Keywords:Electrical conductivity, Friction experiment, Fault, Asperity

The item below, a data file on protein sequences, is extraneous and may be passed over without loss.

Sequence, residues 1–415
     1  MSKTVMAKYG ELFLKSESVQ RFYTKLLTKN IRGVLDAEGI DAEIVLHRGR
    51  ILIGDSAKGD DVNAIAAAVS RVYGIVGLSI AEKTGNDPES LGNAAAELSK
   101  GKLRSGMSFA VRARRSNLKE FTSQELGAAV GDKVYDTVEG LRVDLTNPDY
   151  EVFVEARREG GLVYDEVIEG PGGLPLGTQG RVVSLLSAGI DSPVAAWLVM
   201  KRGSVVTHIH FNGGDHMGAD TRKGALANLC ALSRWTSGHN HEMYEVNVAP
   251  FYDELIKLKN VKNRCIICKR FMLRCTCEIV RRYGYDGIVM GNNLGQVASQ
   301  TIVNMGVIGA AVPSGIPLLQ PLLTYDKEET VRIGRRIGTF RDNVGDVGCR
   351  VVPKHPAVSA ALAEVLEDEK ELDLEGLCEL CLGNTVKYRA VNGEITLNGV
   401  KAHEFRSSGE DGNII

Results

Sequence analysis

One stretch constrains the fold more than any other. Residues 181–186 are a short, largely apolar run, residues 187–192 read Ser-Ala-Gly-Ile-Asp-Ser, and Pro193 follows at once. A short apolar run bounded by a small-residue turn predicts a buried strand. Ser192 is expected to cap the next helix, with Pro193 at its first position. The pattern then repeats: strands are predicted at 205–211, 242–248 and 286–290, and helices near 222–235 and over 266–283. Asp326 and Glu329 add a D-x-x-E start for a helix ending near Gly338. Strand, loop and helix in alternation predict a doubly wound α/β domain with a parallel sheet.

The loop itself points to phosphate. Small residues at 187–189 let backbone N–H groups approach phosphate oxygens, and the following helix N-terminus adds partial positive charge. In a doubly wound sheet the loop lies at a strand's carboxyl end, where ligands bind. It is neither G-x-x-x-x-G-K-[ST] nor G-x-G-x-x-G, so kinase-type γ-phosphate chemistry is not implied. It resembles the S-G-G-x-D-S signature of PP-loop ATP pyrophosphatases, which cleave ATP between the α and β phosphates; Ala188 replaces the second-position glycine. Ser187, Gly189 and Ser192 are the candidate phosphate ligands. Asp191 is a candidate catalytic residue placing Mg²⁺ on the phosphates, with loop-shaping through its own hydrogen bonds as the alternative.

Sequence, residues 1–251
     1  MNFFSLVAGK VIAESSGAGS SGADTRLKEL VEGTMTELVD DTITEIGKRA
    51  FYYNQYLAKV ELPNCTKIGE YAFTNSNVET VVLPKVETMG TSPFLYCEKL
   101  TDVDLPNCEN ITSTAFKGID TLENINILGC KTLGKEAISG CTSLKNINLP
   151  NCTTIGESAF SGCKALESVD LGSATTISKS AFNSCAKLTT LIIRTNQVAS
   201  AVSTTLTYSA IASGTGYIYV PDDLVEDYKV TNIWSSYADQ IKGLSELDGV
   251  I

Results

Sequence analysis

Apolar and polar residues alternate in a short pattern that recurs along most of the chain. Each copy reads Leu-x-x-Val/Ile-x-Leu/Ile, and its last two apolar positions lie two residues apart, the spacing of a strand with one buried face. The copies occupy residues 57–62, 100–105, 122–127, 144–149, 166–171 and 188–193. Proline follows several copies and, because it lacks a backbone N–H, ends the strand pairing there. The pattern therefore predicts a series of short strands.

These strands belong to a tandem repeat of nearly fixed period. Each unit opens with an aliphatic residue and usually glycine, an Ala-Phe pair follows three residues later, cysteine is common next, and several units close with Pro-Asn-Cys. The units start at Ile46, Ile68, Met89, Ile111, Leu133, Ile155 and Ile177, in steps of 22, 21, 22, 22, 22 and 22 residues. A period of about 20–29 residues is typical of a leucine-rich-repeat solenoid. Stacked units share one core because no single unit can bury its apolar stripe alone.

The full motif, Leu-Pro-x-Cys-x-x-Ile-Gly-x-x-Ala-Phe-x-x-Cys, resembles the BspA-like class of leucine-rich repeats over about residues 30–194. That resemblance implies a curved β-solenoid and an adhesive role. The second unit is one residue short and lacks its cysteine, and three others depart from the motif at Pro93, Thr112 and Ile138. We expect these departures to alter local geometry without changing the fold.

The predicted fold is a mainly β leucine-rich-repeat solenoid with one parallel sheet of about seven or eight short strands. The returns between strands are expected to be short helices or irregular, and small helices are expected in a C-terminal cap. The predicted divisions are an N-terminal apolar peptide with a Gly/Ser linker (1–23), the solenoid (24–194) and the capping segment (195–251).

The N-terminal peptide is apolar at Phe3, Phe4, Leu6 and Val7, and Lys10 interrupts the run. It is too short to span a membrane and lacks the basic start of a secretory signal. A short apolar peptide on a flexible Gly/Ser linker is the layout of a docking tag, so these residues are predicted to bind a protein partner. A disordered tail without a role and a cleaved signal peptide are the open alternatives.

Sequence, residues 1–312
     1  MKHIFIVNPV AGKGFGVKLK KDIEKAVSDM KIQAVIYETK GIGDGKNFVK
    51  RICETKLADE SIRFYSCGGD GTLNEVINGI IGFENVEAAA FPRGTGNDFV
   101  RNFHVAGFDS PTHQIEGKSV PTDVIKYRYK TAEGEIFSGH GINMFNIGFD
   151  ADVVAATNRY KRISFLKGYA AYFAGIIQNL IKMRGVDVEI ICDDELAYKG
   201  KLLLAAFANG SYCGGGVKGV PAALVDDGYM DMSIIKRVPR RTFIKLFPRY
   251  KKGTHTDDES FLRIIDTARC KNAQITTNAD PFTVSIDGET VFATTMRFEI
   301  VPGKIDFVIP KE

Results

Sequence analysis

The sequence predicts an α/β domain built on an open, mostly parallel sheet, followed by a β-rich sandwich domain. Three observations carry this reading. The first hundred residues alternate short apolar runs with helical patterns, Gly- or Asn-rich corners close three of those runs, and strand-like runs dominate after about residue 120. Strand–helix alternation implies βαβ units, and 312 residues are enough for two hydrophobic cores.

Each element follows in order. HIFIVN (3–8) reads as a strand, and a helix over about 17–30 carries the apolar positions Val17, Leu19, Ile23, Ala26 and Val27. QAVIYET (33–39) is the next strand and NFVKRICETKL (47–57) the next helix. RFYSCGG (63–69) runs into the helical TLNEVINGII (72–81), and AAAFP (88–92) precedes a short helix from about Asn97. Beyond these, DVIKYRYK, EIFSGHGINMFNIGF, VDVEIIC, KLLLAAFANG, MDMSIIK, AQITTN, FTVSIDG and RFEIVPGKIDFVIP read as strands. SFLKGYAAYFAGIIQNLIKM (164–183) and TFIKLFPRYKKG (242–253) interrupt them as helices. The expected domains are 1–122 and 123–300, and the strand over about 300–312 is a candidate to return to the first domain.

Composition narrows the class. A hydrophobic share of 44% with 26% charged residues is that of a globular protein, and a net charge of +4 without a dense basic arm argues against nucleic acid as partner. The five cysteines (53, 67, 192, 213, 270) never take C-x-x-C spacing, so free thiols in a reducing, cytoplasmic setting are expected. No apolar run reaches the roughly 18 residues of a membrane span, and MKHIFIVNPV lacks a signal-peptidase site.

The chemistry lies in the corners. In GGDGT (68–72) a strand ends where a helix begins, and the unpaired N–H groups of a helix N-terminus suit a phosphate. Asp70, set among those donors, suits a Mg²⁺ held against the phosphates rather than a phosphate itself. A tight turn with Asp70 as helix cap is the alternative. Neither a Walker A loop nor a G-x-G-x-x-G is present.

In laboratory experiments, monitoring the mechanical parameters of simulated fault with other observables during fault slipping will provide us with valuable information to understand the frictional property of rocks and thus the mechanics of earthquake. From this viewpoint, we focused on the electrical property of fault, which has a potential to monitor the contact state on the sliding surfaces. We used a pair of cylinders of metagabbro from India as the specimens and installed them into the rotary-shear frictional testing apparatus at NIED. This testing apparatus allows us to take electrical signals of sensors on the rotary specimen via the slip ring even during the rotation. The diameter of the specimen was 25 mm and the length was 30 mm. To measure the extremely high resistance of dry rock specimens, we adopted two electrometers (Keithley 6514) whose maximum input impedance was 200 TΩ. One electrometer was used to input DC current across the simulated fault and another one was used to measure electrical potential across the fault. First, we conducted a preliminary test under stationary condition to grasp the electrical property of the simulated fault. Since transient response of the electrical potential was observed by the sudden input of electrical current, we recognized that the contacting fault should be modeled as a parallel circuit of resistors as well as capacitors. From the transient response curve, we estimated the resistance and capacitance of the fault under the normal stress ranged from 0.1 MPa to 8 MPa. The experimental results showed that the resistance decreased and the capacitance increased as the normal stress increased This can be interpreted as increase in real contact area of asperities and decrease in height of the asperities at high normal stress under the assumption that the real contact area and the rest of the area (i.e., the noncontact area) work as the resistor and the capacitor, respectively. This suggests we can estimate the real contact area from the measurements of resistance and capacitance as far as the conductivity (inverse of resistivity) of the asperity is constant. Next, we monitored the conductivity of fault under a subseismic slip rate (5.3 × 10-3 m/s) and a constant normal stress of 3 MPa. Friction coefficient, defined as the ratio of shear stress to normal stress, showed typical slip weakening; it increased to 0.8 when slip started, then decreased to 0.2 followed by the fluctuation between 0.2 and 0.6. The electrical conductivity data demonstrated quite similar variation to the frictional strength; when the friction coefficient increased, the conductivity increased, and vice versa. From the measured conductivity data, we further estimated the change in the real contact area and its strength with slip. The estimated change suggests that the initial asperities were fully destroyed at a very early stage and the subsequent gouge comminution phase was dominant in the slip-weakening process. We also conducted similar experiments at seismic slip rate (1 m/s) under the normal stress of 3 MPa. In this mechanical condition, the fault rock melted by the frictional heating and lost its strength so much. Hirose and Shimamoto (2005) reported that the weakening process in this condition is composed of two weakening stages and one strengthening stage between them. They interpreted that these are related to the formation of melt patches and the subsequent growth to molten layer during frictional melting. Our conductivity monitoring quantitatively but clearly confirmed these processes by the rapid increases in conductivity in the two weakening stages. These results confirm that the conductivity is a superior tool to probe the contact state of the fault slipping at various slip rates.